Are Journal Impact Rankings Still Relevant?
Impact factors are a measure of the quality and importance of scientific findings. Journals with high impact factors publish articles that are widely cited. This raises a question for Medical Affairs practitioners: Is the number of citations to an article a useful metric for estimating the article’s value when monitoring medical research?
Let’s consider what types of articles are widely cited. The most widely cited paper, according to Science, describes a method for measuring proteins. Other top papers describe methods in biology, statistics, and crystallography. Within cardiology, the most widely cited papers provide guidelines on managing heart failure, cholesterol, and patients with atrial fibrillation. The top papers in nephrology include a report on baseline characteristics of kidney functions, end-of-life preferences and needs, and predicting mortality.
The key takeaway here: Methodology and guidelines are widely referenced topics across the biomedical field and articles about these topics are likely to boost a publishing journal’s impact factor. However, these highly-cited articles may not be as relevant to Medical Affairs work as more niche topics, such as adverse events in patients using a new cardiovascular drug.
Impact factors also reflect the type of research conducted in the scientific community. There are many factors that influence the choice of research questions and a major one is funding. Agencies in the United States, such as NIH and NSF, largely shape the focus of medical research in this country. Priorities for the NIH include precision medicine in cancer treatment, multi-strain influenza vaccines, and improving health in populations that experience health disparities. As a result of current NIH funding, high-impact papers are expected to be published in these areas over the next several years. These are all important areas of research, and many will directly impact pharmacological advances. But impact factors alone are not helpful for identifying which papers within these broad research areas are most relevant to Medical Affairs.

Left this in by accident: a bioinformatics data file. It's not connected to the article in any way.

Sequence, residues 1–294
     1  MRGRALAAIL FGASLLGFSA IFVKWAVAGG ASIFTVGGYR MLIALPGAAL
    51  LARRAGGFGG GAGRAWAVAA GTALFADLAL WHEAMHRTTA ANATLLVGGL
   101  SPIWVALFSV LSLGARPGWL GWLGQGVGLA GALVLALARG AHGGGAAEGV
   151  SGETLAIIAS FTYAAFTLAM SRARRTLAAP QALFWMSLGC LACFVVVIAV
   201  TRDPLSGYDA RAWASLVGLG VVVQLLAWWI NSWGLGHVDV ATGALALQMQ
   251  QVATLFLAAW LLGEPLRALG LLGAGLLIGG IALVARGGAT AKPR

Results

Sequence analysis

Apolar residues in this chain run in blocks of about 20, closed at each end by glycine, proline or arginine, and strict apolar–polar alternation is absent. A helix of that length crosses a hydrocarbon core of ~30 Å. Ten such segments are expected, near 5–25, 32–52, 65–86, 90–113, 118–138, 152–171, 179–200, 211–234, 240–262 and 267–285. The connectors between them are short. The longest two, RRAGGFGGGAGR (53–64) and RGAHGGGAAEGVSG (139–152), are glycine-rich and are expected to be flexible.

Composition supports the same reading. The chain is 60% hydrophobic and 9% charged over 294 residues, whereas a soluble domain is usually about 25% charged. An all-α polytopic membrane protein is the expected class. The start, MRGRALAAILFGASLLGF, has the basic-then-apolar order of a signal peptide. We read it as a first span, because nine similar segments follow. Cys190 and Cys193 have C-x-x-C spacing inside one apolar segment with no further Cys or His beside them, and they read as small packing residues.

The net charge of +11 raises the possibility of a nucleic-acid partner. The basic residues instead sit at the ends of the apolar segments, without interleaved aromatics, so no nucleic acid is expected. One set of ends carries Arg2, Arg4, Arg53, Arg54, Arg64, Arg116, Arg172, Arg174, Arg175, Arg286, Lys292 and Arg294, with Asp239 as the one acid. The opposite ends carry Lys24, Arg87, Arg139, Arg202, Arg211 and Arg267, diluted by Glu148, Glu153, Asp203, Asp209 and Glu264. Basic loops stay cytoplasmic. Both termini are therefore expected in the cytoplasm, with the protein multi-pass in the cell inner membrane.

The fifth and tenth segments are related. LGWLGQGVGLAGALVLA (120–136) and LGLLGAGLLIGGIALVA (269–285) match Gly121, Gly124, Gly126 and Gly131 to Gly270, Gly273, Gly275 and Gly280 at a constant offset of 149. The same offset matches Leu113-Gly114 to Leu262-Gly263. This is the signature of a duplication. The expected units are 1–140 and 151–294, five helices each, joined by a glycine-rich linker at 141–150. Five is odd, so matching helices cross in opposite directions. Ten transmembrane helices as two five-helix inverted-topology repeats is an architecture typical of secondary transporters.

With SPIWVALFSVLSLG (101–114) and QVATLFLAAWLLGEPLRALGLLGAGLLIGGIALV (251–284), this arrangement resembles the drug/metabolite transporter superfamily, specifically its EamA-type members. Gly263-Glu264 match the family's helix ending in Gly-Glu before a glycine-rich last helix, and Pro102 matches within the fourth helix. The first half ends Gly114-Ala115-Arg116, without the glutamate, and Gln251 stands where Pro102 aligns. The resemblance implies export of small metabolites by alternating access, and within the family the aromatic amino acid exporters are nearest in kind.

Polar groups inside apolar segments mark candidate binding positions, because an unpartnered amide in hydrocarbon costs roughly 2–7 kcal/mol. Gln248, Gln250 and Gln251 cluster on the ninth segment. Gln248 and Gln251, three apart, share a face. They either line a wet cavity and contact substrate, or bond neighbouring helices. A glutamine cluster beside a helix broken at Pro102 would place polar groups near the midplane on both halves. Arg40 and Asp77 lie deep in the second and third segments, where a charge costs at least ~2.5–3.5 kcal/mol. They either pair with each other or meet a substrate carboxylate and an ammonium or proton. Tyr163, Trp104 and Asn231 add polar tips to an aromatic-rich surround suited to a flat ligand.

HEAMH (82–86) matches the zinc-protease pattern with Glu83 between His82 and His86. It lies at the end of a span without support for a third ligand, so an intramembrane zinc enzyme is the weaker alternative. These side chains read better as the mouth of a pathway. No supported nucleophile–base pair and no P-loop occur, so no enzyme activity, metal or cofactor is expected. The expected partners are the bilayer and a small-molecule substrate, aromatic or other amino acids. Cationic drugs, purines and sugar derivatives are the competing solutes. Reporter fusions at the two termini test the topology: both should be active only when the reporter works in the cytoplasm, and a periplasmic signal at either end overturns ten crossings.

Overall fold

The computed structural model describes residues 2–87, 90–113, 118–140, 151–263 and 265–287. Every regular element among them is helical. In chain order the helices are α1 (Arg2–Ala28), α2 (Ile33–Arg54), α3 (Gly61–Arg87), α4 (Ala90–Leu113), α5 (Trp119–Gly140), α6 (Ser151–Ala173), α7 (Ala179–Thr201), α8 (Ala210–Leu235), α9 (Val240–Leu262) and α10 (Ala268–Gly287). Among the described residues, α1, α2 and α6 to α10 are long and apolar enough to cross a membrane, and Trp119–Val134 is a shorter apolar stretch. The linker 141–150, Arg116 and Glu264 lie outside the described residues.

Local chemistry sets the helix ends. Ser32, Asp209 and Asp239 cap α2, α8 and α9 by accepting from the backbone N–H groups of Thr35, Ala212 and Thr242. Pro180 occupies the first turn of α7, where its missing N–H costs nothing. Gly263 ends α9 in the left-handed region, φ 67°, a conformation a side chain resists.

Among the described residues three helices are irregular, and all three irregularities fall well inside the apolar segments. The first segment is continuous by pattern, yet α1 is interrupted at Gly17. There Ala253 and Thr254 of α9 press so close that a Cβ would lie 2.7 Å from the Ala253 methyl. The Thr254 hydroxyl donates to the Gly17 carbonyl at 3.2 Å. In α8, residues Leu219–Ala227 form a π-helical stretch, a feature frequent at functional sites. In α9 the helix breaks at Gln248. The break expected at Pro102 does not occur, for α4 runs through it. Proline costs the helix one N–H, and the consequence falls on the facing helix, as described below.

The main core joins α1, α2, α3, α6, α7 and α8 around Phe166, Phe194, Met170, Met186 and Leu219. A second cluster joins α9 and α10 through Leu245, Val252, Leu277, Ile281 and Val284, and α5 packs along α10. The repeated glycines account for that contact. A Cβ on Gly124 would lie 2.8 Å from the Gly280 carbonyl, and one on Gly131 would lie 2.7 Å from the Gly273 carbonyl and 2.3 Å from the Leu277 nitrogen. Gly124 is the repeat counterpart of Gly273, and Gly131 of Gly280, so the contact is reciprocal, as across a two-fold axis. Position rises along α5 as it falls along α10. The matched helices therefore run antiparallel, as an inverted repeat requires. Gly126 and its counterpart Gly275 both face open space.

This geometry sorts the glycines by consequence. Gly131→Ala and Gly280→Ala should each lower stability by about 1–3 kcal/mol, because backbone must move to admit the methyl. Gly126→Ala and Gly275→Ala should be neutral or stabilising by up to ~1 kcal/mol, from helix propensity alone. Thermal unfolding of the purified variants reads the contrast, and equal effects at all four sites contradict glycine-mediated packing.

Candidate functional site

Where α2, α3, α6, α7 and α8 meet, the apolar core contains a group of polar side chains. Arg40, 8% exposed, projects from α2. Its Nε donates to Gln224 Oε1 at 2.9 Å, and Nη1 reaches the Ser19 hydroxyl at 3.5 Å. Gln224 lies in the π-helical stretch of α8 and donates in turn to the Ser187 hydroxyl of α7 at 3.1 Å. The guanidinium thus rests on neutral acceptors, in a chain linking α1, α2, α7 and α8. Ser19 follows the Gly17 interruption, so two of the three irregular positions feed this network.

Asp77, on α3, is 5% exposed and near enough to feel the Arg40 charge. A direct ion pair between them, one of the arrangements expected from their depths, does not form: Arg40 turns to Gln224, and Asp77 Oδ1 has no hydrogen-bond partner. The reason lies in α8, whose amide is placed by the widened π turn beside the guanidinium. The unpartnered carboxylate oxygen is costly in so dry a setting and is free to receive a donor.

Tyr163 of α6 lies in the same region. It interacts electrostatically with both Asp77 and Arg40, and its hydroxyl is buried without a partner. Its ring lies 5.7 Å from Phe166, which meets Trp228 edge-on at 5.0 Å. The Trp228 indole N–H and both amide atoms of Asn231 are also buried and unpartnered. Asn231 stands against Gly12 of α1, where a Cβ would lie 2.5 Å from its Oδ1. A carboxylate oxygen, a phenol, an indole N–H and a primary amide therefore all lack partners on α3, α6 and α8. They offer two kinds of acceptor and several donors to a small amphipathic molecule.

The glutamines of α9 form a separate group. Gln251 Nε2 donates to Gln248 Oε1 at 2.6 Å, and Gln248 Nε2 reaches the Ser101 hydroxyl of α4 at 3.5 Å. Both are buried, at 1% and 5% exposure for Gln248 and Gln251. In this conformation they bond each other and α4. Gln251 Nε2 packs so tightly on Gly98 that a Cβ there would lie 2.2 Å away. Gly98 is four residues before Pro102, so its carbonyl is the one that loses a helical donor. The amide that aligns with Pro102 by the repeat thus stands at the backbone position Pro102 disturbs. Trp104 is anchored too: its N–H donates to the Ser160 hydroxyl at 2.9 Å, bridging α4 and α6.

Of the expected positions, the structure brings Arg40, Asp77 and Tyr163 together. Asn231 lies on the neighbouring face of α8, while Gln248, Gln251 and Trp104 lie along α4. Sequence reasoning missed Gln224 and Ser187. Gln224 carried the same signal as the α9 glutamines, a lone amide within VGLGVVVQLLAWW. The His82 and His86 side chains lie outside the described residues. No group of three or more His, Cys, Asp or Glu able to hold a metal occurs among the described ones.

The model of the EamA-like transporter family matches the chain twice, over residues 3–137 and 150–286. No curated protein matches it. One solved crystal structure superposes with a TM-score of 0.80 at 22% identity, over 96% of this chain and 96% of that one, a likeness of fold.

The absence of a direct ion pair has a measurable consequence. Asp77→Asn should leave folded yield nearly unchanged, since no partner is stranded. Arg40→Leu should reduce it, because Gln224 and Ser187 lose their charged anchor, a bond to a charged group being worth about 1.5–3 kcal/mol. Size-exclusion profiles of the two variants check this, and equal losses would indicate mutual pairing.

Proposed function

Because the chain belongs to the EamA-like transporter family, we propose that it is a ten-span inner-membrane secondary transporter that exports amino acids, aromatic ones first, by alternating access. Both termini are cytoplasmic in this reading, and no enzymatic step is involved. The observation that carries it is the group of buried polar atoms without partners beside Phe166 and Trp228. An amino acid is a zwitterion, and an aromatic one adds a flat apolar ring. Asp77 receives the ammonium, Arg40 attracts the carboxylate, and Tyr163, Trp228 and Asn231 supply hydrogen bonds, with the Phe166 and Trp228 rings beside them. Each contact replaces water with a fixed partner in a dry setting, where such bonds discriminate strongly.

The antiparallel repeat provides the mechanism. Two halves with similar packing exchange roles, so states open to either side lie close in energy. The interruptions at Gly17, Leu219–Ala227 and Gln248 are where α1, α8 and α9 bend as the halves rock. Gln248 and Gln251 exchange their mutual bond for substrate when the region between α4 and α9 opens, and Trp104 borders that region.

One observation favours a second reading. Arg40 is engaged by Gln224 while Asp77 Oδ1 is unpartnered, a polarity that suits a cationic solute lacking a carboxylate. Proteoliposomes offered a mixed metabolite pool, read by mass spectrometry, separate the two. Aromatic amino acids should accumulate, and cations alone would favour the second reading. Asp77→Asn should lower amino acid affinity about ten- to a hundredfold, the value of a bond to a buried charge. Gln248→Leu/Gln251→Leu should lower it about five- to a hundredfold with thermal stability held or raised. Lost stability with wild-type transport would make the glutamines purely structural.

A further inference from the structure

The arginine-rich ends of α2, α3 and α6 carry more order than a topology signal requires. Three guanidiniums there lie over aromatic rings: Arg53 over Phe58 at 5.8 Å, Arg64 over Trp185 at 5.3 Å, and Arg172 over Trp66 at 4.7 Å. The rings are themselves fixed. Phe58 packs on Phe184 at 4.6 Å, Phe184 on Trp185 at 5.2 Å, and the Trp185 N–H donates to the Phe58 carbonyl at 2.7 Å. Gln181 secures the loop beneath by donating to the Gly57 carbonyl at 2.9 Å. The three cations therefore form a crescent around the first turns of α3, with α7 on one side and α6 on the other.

Impact factors reflect how broadly useful a paper or journal is to the scientific and medical communities. However, in Medical Affairs research, more specialized papers provide valuable information. The high-impact journal Cell has an impact factor of about 30, while the journal Regulatory Toxicology and Pharmacology has an impact factor of 2. But when it comes to drug interactions, adverse effects, and other issues of interest to Medical Affairs professionals, which journal is more likely to provide the most relevant insights? Probably the latter.
Specialization is a more important consideration than impact factor when conducting Medical Affairs research. Real-world evidence collected by practicing physicians in community hospitals is not likely to be published in a major journal, but it could offer valuable data and insights about adverse effects of a drug. Medical conferences with a narrow focus, such as the annual symposium on movement disorders, maybe the only place where certain research findings are presented, so it’s important to also capture meetings when gathering data.
Impact factors are useful for multiple purposes, from identifying journals with broadly useful papers to helping academic committees make tenure decisions. They may also contain valuable insights, but specialized journals and the proceedings of medical conferences are more likely to cover the topics that are most relevant to Medical Affairs professionals.
To get a comprehensive view of relevant research, a dynamic impact approach, weighting these elements, is a more valuable approach to Medical Affairs professionals than solely relying on static impact factors.
SHARE THIS POST